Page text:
What We Read in Lockdown 2.0


Here at Gallic Books, as we approach the end of ‘Lockdown 2.0’, we’re looking back at the books that saw us through the month of November. From a foodie’s tour of France to Atwood’s first poetry collection in a decade, plus novels in translation and some escapist non-fiction. Check out what we’ve been reading in lockdown 2.0…

JANE: “I’m reading The Mission House by Carys Davies because I enjoyed West, and like books that take me where I am now never likely to go – in this case a mission house in a hill town in Southern India. I also like the idea of the rural idyll but in brash modern times. I am also planning to read The Blind Light by Stuart Evers.”

EMILY: “I’ve found myself drawn to more non-fiction than usual this year. Not in an attempt to understand the crazy world we’re living in, but to escape it by remembering things I enjoyed in normal times. So I’ve taken myself on a delicious tour of France with Felicity Cloake’s One More Croissant for the Road.
  Elizabeth Day’s How to Fail has been all over Instagram and I have finally given in to it. Part memoir, part self-help guide, it could easily have been one long humble-brag from a horribly successful and beautiful writer and her horribly successful podcast guests, but it’s actually filled with lots of relatable takeaway advice that will make you feel better about your failure to master new languages or obscure crafts during lockdown.”

ISABELLE: “In lockdown I’ve found myself reaching for the comforting and the familiar. Margaret Atwood has long been one of my favourite writers and her return to poetry with the collection Dearly is exactly what I needed this month. Her poems are understated in style but rich with emotion, exploring themes of love and loss (hence the double meaning of the title of ‘Dearly’ – as in beloved and departed.) A timely reminder to keep embracing light, even while acknowledging and making space for darkness.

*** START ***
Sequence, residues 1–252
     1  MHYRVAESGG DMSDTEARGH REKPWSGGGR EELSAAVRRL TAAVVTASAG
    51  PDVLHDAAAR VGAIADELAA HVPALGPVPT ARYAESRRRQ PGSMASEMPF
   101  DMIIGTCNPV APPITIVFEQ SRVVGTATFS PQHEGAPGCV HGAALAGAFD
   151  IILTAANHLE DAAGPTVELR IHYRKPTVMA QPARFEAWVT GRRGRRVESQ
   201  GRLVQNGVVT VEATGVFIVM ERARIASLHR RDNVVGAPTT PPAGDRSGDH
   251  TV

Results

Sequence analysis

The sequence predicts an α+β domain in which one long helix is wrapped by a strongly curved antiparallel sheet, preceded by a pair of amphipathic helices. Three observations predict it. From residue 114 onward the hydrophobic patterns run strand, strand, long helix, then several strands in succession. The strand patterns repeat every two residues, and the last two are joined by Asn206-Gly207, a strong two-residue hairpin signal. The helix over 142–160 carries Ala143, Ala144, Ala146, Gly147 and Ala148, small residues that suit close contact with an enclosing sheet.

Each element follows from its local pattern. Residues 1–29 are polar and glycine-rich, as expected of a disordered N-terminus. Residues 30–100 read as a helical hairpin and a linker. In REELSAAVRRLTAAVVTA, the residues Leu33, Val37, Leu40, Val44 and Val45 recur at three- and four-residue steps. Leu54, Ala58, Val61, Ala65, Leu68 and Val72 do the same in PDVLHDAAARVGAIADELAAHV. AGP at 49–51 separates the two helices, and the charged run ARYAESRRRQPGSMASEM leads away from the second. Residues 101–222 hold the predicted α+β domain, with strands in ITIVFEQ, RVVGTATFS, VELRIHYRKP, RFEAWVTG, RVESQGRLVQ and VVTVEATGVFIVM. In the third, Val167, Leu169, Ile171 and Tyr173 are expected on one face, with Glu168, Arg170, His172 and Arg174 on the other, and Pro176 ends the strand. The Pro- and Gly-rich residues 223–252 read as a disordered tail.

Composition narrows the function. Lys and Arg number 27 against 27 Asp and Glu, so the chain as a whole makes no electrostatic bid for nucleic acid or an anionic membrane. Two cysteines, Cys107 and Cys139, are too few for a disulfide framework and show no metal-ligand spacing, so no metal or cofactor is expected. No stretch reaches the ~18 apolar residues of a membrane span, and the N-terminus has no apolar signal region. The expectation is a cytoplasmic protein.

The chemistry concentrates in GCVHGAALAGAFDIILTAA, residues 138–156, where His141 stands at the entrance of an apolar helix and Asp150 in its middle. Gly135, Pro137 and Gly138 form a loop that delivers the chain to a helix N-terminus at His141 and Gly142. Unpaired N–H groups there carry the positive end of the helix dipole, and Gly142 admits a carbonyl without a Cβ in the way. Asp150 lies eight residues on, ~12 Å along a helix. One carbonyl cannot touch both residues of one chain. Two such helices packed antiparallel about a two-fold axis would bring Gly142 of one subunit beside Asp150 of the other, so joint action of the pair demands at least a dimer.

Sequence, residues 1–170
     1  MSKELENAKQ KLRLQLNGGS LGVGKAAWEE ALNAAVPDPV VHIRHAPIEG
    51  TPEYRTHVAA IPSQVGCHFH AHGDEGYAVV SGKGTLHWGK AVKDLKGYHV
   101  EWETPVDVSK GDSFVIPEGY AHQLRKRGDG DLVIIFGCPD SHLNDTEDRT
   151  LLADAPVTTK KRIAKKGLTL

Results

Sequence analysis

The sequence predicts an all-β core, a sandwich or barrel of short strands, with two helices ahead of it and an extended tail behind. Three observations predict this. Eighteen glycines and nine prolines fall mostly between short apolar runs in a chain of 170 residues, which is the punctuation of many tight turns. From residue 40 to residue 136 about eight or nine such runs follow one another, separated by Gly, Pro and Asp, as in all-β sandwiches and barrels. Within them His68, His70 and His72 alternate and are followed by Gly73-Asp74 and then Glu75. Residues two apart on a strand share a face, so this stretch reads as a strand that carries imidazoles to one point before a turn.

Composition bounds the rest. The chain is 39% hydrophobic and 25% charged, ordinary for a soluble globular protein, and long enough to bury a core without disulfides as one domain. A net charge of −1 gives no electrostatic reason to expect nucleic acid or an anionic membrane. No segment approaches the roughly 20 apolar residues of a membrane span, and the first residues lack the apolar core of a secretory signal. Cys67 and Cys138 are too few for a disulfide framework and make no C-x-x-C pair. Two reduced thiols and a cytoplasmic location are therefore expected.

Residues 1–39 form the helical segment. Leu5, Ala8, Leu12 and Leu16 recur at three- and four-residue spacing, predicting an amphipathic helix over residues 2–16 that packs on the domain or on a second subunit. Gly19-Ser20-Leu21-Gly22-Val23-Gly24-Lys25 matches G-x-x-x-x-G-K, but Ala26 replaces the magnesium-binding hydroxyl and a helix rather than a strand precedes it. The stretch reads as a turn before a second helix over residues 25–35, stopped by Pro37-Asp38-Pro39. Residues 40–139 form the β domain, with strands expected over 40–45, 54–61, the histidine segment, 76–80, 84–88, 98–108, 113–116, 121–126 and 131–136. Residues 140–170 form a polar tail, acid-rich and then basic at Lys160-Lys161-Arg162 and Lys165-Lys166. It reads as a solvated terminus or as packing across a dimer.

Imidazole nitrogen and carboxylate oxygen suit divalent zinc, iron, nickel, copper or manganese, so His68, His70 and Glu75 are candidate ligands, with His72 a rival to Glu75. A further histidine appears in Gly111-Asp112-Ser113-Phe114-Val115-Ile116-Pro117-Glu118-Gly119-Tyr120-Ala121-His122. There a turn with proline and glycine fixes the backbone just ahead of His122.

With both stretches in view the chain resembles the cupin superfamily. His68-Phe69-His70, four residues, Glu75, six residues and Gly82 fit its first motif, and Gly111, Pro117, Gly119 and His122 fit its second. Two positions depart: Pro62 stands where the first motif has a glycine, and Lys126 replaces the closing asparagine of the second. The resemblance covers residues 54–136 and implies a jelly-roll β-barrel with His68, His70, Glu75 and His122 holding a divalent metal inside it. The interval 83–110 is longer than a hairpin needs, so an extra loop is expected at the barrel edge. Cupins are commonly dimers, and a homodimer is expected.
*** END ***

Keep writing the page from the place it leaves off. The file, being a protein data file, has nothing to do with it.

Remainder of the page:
In terms of fiction I have been reading Strange Weather in Tokyo by Hiromi Kawakami, (tr. Allison Markin Powell), a slender novel about the slowly blossoming romance between an unlikely pair. It’s a quiet, gentle but wonderfully warm book, perfect company for current times.”

ANDY: I am Sovereign by Nicola Barker: “A beautifully weird joy of a novella that throws all storytelling caution and convention to the wind with gleeful abandon. I could say more (especially about how, having read this, I am happy to read no further fiction this year), but you would be much better off just getting it read.”

If On A Winter’s Night A Traveller by Italo Calvino: “Most of the people I have recommended this book to have hated it.  Hardly a surprise since it revels in its intent to frustrate.  But that’s the point. And, on some level, it might just be a bit too clever for them. Their loss. And maybe yours.”

ALI: The Well Gardened Mind: rediscovering nature in the modern world by Sue Stuart Smith: “If you’re finding the restrictions of lockdown tough going this is the read for you. Written by psychiatrist/psychotherapist and keen gardener, Sue Stuart-Smith details the many benefits of time spent outdoors, both physically and mentally.”

Rag and Bone: a family history of what we’ve thrown away by Lisa Woollett: “In this fascinating mix of history and nature writing Woollett charts a series of walks. A long the Thames, from City to estuary, and around the beaches of Cornwall, her journeys are charted by discoveries of rubbish telling the tale of our growing consumerism. Alarming and illuminating in equal measure.”

Wintering by Katherine May: “The perfect read if you’re finding the combination of shorter daylight hours and lockdown tricky. By observing historical methods and cultural practices, May finds some positives in the darker months to see us through to Spring.”

Posted on November 30, 2020 by Isabelle Flynn in

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